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Police to crack down on drug crimes amid Burning Sun scandal

Police said Sunday they plan to conduct an intensive crackdown on drug-related crimes over the next three months amid escalating allegations involving drug use and sexual abuse at Gangnam-based nightclub Burning Sun. 

The Seoul Metropolitan Police Agency will clamp down on drug-related crimes from Feb. 25 to May 24 to root out sexual abuse linked to the use of drugs and cozy ties between nightclubs and some police officers.

A total of 1,063 officers specializing in investigating drug-related cases and others at relevant departments from police stations across the country will be dispatched for the mission.

The mission to crack down on drug cartels includes investigations into smuggling and the selling of illegal drugs online and offline, the use of drugs, sexual violence linked to drug use and the filming and distribution of videos featuring sex crimes.

The agency will also conduct a nationwide inspection to detect and eradicate practices of police officers receiving bribes from nightclubs in return for turning a blind eye to illegal acts taking place at the clubs.

Police are accelerating a probe into the embattled club, which had been owned by Seungri of K-pop boy band Big Bang until recently, for its alleged corrupt relations with officers from Gangnam Police Station and connections with drugs. Staffers at the club, which is now closed, are also suspected of having drugged women so VIP customers could rape them.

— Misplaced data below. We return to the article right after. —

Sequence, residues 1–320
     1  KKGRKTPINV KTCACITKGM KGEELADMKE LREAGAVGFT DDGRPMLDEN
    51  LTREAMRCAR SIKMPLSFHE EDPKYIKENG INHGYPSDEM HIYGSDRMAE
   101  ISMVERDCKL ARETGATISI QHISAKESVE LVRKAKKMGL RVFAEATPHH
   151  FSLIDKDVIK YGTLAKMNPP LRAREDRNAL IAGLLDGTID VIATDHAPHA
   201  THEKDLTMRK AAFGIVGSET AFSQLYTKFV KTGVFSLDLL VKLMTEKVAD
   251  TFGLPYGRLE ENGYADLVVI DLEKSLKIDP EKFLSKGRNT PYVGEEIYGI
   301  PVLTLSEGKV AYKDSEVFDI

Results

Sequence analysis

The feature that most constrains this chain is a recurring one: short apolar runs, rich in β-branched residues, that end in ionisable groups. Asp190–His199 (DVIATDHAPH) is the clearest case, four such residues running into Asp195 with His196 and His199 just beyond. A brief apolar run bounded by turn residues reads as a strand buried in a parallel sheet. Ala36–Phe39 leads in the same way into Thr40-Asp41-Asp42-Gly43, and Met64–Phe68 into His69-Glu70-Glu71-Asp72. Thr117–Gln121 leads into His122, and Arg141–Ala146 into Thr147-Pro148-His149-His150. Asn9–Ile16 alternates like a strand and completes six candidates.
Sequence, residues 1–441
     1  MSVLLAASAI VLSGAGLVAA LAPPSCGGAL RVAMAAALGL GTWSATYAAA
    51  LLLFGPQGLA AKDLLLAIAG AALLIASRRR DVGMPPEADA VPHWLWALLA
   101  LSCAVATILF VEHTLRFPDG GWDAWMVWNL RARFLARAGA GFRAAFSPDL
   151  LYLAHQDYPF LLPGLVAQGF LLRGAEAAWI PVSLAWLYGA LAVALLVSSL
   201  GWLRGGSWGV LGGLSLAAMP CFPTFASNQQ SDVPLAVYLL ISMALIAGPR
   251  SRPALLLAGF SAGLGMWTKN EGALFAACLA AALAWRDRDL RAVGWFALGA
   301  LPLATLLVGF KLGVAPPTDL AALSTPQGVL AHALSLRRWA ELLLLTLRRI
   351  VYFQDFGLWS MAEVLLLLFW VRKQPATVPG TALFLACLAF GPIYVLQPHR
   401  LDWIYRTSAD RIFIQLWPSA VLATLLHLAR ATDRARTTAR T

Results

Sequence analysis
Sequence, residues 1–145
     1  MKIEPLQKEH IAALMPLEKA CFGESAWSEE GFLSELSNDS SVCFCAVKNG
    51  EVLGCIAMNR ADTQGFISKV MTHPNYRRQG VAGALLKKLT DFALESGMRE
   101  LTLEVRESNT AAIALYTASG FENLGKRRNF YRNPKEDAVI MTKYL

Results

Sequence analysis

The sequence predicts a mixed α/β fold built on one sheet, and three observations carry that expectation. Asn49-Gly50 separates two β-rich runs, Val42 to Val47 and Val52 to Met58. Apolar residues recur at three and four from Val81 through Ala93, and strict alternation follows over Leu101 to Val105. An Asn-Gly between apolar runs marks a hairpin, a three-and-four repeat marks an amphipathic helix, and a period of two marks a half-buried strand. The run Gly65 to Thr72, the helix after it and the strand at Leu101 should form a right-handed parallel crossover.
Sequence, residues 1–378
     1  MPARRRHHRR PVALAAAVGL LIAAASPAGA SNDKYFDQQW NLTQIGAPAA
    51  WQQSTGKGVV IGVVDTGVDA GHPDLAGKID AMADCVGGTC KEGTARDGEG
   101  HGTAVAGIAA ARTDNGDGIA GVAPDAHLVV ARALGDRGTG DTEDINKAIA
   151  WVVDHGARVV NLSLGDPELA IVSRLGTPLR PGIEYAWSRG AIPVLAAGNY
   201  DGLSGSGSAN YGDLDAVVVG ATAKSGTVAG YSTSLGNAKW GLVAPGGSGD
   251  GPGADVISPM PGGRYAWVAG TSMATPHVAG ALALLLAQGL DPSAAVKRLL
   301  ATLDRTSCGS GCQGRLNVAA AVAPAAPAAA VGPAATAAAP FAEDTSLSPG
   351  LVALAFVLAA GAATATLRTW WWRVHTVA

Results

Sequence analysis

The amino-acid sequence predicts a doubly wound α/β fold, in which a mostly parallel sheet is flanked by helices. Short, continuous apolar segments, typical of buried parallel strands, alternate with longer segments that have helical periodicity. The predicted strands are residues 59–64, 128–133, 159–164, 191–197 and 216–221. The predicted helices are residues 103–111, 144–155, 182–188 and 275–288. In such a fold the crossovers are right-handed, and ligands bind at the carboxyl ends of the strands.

A total 112 complaints had been filed with police against Burning Sun since its opening in February 2018, according to statistics revealed by Rep. Lee Jae-jung of the Democratic Party of Korea. The complaints concerned assault, drugs, sexual harassment, abduction and detainment. But the club continued operations.

Seungri, who was one of the Burning Sun in-house directors, resigned from his post in January to prepare to for his mandatory military enlistment. The pop idol has denied involvement in operations of the club.